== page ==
• The Social Security Administration should focus on improving cybersecurity and protecting vulnerable beneficiaries. That’s according to the Government Accountability Office, which has released its list of priority recommendations for the SSA. GAO also says the agency should focus on modernizing its operations for information technology. That comes as agency leaders say some of SSA’s technology infrastructure is more than 50 years old. The agency is also prioritizing improvements to cybersecurity and IT modernization in its fiscal 2023 budget request.
  • Thrift Savings Plan participants will soon have access to more of their financial history. The Federal Retirement Thrift Investment Board says starting by mid-June, TSP users will be able to see ending account balances going 10 years back. That’s after the TSP board launched a new account interface on June 1. After the update, many participants said they were unable to see their historical account data. Many TSP users have expressed frustrations about the new system, including difficulties navigating the website, and technical glitches.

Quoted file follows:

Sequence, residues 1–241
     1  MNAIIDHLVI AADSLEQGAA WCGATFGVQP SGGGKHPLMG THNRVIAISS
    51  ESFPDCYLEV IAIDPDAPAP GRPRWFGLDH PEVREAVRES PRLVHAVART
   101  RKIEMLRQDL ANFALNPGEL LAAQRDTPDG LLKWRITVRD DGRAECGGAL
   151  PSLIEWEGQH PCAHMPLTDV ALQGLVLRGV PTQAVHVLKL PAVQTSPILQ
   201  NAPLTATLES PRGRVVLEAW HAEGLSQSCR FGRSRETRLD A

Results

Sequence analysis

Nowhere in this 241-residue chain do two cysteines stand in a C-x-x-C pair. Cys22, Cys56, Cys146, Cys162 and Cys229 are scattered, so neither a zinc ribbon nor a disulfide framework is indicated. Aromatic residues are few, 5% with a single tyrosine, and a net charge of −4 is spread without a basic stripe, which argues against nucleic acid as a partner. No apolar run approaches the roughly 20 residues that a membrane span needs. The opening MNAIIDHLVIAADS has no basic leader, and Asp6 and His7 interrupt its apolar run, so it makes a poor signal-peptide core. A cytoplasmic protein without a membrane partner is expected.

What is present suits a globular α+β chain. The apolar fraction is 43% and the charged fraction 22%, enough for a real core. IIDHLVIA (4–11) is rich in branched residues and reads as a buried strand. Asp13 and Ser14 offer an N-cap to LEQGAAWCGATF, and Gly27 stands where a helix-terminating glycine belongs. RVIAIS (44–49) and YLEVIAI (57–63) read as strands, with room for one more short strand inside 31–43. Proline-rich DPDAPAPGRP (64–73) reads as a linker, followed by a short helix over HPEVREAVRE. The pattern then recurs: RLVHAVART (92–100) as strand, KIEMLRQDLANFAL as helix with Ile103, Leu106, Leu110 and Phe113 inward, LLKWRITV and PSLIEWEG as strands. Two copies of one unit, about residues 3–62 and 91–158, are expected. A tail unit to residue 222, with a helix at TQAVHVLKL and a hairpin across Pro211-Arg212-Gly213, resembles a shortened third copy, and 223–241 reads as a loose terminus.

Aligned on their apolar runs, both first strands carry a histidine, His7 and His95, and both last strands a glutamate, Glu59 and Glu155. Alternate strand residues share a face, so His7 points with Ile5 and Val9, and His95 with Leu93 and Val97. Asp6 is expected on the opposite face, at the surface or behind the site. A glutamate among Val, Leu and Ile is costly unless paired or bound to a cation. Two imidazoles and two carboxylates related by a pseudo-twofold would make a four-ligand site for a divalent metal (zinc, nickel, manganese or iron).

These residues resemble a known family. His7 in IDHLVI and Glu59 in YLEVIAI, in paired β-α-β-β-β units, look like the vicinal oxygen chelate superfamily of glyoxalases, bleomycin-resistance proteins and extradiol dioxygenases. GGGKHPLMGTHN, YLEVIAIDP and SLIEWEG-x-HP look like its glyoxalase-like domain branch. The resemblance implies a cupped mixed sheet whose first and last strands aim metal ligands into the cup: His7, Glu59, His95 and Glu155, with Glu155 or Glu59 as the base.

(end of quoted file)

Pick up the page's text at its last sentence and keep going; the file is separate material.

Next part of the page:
• The White House Office of Science and Technology Policy is trying to bring a national strategy on privacy-preserving data sharing and analytics into focus. OSTP through a request for information is asking for feedback on how privacy-enhancing technologies might assist in climate change, financial crime, human trafficking, pandemic response, and other federal missions. OSTP expects these technologies will also help promote trust in artificial intelligence. OSTP will accept submissions to its RFI through July 8.
  • The National Security Agency has a new top lawyer. April Falcon Doss was named general counsel of the NSA in May. The agency confirmed her appointment last week. Doss first began working for the NSA in 2003. She is returning to the agency after a stint as Executive Director of the Georgetown Institute for Technology Law and Policy. Her selection comes more than a year after the NSA ousted a former Trump White House official who was briefly installed as the agency’s top lawyer.